Island of Romoe said 82 bomb ex-
plosions and four tremendous earth-
jarring blasts had been heard up to
11 p.m. last night, and that one bomb
"undoubtedly blew up an ammunition
British news agency reports also
said the Hindenburg Dam connecting
Sylt with the mainland was bombed;
that one British plane was shot down
on the north coast of Sylt. The dam
was reported hit in a previous Bri-
tish raid.
Whether was the opening gun of
an intense air offensive could only be
conjectured, but there was an ominous
tone in the warning of Prime Minister
Neville Chamberlain in the House of
Commons yesterday afternoon that
Germany must bear "responsibility for
the consequences" of Saturday night's
rai don Britain's Scapa Flow.
Stephen Early Sounds
Pessimistic Peace Note
WASHINGTON, March 19.-(#)-
The White House warned Americans
today not to let their hopes for peace
so'ar too high as a result of a barrage
of reports from Europe which fol-
lowed yesterday's meeting between
Hitler and Mussolini.
The warning came from Stephen
Early, a presidential secretary, who
commented that from authoritative
reports to this government, "peace
headlines would appear to be very
empty." At the same time Early
said the reports should not cause
Americans to "despair" of peace ei-
President Roosevelt later told his
press conference that he had no
information on the meeting between
the German and Italian leaders
Soviet Presidium Ratifies
Russo-Finnish Treaty
MOSCOW, March 19.-.(M--The

Presidium of the Supreme Soviet
tonight ratified the Russo-Finnish
peace treaty, a Tass, official news
agency, announcement stated.
Just before the ratification the
Finnish delegates, Juho Paasikivi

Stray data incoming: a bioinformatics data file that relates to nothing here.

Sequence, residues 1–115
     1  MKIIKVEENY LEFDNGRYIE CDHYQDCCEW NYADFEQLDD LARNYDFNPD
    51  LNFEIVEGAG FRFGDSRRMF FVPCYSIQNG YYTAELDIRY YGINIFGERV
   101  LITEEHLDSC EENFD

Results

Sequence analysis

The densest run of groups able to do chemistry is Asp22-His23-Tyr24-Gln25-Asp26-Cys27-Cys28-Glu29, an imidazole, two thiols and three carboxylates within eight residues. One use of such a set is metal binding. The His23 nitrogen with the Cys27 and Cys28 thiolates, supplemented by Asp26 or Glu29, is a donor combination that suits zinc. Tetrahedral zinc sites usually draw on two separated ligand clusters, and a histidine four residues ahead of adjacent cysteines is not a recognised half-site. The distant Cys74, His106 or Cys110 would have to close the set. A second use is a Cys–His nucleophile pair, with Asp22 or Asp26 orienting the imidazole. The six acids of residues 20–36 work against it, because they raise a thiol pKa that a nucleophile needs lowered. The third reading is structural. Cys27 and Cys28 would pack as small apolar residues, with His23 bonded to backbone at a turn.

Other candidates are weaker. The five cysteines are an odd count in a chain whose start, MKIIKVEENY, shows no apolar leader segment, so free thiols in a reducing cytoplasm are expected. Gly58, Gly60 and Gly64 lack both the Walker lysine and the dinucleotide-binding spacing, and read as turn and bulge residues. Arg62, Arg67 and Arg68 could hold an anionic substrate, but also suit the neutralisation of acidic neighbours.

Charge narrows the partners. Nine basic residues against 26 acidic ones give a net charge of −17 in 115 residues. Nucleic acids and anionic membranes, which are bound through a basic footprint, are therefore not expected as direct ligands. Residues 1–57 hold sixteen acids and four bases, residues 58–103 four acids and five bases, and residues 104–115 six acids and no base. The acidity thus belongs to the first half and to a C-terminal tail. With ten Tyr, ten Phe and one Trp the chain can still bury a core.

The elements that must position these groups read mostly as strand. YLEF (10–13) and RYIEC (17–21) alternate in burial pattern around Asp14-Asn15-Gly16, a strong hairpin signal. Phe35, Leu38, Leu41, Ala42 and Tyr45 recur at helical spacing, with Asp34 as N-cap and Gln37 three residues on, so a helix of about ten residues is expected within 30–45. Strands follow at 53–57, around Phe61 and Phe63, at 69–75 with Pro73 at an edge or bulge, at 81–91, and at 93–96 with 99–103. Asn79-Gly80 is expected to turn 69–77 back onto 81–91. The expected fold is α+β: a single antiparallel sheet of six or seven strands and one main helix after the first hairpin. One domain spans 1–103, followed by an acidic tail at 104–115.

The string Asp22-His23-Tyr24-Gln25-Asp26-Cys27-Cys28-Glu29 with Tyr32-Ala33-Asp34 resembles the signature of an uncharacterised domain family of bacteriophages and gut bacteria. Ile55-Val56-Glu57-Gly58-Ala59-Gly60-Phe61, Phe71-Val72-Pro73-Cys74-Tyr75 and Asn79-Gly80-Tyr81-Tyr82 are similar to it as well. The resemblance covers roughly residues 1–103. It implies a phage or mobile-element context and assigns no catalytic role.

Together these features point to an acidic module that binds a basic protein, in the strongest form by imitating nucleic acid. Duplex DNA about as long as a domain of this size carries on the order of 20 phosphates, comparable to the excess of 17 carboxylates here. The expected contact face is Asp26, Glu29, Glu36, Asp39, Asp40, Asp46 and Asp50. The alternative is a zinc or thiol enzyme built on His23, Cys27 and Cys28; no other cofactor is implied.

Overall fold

and Vaino Voionmaa, arrived in
Moscow to exchange ratification in-
struments. The Finnish parliament
already has approved the peace.
Herman To Talk
To French Society
As the sixth in the series of lectures

Congressional Record Presents
Tibbitts' Defense Of Census

Saturday's issue of the Congres-
sional Record, received here yester-
day, contains a letter written in de-
fense of "the proposed 1940 census
schedule in its present form" by
Clark Tibbitts, director of the Insti-
tute for Human Adjustment of the
Rackham Youndation.
Senator Prentiss M. Brown (Dem.-
Mich.) had the entire letter read into
the Record, and he himself added a
few pertinent remarks, showing that
the Rackham Foundation is "vitally
interested" in getting answes to ques-
tions such as the forthcoming census
proposes to ask.

information can easily be "misused,"
he recalled that Census Bureau
knowledge has never been violated.
Mr. Tibbitts felt positive that peo-
ple would willingly answer the cen-
sus questions if they were convinced
of the seriousuness of the undertak-
ing and if the interrogators make a
good, businesslike impression on
them. He also noted confidently that
no outstanding business group has
yet been recorded as opposed to the
census in its present setup.
The letter indicated that the major
problem in connection with such a
census would be the selection and
training of field workers. It dis-